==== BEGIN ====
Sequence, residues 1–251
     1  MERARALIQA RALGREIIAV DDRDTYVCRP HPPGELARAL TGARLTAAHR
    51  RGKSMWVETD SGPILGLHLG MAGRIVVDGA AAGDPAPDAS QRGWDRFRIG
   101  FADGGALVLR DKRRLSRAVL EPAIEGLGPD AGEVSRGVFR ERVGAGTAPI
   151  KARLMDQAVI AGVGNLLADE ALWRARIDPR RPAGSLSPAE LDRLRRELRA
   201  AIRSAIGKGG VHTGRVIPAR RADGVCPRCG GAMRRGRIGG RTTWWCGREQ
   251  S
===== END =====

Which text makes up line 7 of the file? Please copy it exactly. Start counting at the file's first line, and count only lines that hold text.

   251  S